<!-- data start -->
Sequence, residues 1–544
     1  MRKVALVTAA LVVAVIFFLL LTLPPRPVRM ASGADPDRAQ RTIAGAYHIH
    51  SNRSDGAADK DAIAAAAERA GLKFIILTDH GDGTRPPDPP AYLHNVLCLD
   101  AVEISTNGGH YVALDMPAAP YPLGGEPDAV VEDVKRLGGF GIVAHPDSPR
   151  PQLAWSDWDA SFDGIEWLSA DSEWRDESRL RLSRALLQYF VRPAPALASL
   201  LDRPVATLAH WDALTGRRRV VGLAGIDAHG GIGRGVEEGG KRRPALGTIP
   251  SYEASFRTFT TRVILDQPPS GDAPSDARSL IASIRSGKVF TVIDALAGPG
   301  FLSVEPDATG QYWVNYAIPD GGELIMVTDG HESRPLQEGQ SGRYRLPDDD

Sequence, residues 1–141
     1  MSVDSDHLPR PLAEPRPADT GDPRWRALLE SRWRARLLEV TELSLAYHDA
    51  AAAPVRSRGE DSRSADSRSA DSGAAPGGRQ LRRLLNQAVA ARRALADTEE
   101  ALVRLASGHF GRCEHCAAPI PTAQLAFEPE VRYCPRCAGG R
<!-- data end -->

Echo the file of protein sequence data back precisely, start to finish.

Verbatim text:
Sequence, residues 1–544
     1  MRKVALVTAA LVVAVIFFLL LTLPPRPVRM ASGADPDRAQ RTIAGAYHIH
    51  SNRSDGAADK DAIAAAAERA GLKFIILTDH GDGTRPPDPP AYLHNVLCLD
   101  AVEISTNGGH YVALDMPAAP YPLGGEPDAV VEDVKRLGGF GIVAHPDSPR
   151  PQLAWSDWDA SFDGIEWLSA DSEWRDESRL RLSRALLQYF VRPAPALASL
   201  LDRPVATLAH WDALTGRRRV VGLAGIDAHG GIGRGVEEGG KRRPALGTIP
   251  SYEASFRTFT TRVILDQPPS GDAPSDARSL IASIRSGKVF TVIDALAGPG
   301  FLSVEPDATG QYWVNYAIPD GGELIMVTDG HESRPLQEGQ SGRYRLPDDD

Sequence, residues 1–141
     1  MSVDSDHLPR PLAEPRPADT GDPRWRALLE SRWRARLLEV TELSLAYHDA
    51  AAAPVRSRGE DSRSADSRSA DSGAAPGGRQ LRRLLNQAVA ARRALADTEE
   101  ALVRLASGHF GRCEHCAAPI PTAQLAFEPE VRYCPRCAGG R